Muslim chaplains tend to prisoners of all religions
Alamgeer Choudhury talks about his interfaith work, Covid-19 and changing lives
“When you walk into that prison, every single day is different. You don’t know what to expect. Some days are more difficult than others.” Alamgeer Choudhury’s journey as a prison chaplain started 20 years ago, when he was finishing theological training to become an imam. By deciding to work with inmates, he was following directly in his father’s footsteps.
“My father was also a chaplain at a particular prison, and so was my uncle, so I had family members within the chaplaincy,” he explained during a recent online chat.
In fact, it was Choudhury’s uncle who first approached him to help. The processes to work in a prison in any capacity are lengthy: Choudhury started as a volunteer just two weeks after he graduated, supporting his uncle. He then moved to ad hoc shifts before taking a full time job as a chaplain.
“I thought, at that point, that I was just going in to help him out for a couple of weeks — and 20 years later, I’m still there,” he said. “It’s a privilege to work in this capacity, where we can have a positive influence on the men.”
Choudhury is now chair of the Muslim Chaplains Association and paid by the prison service. The MCA coordinates chaplaincy and support for Muslims across the UK’s prison system. Correctional institutions are not the only places where chaplains work, either. There are Muslim chaplains in the armed forces, in hospitals and at universities, but their services are particularly relevant in Britain’s prisons.
Despite making up 6% of the UK population, Muslims account for around 18% of people now incarcerated in the country. In 2014, Baroness Lola Young published a report on young Black and Muslim men in the criminal justice system, highlighting the role of systemic disadvantages, such as high rates of poverty, in driving these disproportionate figures. Accordingly, in recent years, chaplaincy services have expanded to meet the growing number of Muslim inmates, including murderers and those convicted of other criminal offences.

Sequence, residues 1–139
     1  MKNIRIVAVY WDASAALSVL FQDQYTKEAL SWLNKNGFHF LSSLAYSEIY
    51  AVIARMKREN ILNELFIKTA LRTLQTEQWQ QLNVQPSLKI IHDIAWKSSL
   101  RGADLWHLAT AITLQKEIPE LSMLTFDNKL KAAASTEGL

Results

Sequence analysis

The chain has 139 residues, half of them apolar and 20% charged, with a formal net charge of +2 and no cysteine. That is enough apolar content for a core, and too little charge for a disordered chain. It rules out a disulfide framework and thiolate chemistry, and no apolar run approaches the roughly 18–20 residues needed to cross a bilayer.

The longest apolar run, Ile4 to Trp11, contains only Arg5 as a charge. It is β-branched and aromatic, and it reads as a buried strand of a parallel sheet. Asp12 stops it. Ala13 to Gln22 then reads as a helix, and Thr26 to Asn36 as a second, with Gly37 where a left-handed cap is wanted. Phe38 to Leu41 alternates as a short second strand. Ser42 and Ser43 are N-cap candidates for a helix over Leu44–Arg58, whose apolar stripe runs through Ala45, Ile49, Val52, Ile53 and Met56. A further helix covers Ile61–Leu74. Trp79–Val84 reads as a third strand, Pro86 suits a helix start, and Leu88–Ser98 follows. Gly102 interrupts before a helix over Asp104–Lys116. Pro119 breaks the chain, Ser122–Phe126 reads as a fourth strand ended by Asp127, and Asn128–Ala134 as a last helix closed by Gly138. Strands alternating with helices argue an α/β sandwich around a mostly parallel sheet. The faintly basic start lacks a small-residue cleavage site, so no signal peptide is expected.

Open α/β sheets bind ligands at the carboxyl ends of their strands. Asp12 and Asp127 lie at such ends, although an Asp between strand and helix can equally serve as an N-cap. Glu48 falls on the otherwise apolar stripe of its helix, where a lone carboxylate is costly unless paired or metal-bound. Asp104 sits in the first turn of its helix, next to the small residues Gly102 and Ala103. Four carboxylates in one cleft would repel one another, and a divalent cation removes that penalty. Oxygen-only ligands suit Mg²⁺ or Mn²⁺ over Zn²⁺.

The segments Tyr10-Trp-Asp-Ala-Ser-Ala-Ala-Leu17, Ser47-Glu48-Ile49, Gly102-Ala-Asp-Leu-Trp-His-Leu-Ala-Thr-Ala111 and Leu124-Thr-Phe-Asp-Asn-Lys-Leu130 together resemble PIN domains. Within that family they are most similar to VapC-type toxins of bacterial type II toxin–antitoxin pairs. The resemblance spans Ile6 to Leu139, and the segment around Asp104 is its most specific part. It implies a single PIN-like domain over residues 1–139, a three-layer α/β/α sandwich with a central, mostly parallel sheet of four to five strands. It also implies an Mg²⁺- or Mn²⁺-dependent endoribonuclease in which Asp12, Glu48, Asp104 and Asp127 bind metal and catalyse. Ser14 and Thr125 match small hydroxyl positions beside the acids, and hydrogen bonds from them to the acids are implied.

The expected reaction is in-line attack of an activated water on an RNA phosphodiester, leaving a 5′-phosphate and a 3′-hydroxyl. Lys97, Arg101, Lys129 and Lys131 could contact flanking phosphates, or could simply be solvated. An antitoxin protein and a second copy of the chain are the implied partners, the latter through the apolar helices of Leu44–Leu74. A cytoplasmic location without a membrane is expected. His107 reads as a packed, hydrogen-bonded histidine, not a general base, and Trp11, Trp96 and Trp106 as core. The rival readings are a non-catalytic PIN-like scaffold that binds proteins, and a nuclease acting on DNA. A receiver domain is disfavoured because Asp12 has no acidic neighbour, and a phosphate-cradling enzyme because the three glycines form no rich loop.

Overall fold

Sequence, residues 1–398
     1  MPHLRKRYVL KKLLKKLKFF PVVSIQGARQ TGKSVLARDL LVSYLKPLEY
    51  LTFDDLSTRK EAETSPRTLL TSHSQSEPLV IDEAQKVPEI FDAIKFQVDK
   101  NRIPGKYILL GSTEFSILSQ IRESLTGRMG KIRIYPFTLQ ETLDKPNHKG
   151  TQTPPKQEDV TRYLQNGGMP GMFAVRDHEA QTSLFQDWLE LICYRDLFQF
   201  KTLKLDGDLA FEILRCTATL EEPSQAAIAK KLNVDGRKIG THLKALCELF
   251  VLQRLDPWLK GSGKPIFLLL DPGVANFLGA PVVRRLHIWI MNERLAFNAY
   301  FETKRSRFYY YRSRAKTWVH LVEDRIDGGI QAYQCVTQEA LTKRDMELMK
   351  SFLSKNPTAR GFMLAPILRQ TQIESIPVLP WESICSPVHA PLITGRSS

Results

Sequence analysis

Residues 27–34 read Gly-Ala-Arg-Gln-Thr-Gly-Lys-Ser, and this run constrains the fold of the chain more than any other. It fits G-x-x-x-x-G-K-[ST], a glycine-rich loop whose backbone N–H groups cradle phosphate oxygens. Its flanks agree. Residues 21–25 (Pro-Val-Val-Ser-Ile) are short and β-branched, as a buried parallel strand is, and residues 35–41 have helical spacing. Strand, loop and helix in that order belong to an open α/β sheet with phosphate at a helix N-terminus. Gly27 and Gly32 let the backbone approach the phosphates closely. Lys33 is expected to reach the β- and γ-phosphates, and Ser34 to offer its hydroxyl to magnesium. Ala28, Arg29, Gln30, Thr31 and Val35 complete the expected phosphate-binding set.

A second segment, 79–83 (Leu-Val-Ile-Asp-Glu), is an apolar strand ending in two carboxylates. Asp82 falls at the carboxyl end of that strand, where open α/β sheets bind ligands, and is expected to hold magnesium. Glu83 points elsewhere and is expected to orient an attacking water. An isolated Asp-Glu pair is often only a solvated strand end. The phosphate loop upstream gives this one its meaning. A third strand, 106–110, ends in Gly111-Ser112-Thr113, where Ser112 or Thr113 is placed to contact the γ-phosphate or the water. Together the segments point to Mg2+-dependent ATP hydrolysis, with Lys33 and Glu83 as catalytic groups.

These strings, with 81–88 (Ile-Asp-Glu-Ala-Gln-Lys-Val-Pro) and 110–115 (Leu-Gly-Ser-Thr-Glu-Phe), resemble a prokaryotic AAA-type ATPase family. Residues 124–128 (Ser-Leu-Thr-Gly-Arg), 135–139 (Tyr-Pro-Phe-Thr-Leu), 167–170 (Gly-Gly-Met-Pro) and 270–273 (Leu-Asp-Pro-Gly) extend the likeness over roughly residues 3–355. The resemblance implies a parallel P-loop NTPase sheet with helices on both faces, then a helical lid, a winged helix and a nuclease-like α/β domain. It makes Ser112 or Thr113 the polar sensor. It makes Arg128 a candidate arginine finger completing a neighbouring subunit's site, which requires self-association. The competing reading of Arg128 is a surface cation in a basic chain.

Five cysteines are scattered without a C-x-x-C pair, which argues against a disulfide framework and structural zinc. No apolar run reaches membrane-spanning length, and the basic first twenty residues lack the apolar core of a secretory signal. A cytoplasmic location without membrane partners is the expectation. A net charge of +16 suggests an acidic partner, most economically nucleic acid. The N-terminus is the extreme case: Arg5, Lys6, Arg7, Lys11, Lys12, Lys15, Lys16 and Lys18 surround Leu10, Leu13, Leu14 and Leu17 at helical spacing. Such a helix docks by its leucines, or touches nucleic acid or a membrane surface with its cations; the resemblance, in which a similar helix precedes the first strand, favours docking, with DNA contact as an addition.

“Every single prisoner that comes in the day before has to be visited by a chaplain within 24 hours,” Choudhury explained.
Those visits allow chaplains to check on prisoner welfare and to explain how they can help them. “Nothing is forced down their throats. They don’t have to engage. But as long as they know that we are there, they have another avenue where they can go when they need support and help,” he said.
One of the cornerstones of chaplaincy, particularly in prisons, relies on taking an interfaith approach, in which representatives of different faiths and denominations work together to improve the lives of all inmates.
“The role of a Muslim chaplain is not just working with the Muslims,” Choudhury said.
Chaplains are generally viewed by inmates as working independently from the prison authorities. This allows them to provide a relatively safe environment for prisoners to be open and honest about their lives and experiences.
“Don’t forget, these are normal people from the outside community, they’ve just come inside prison,” Choudhury said.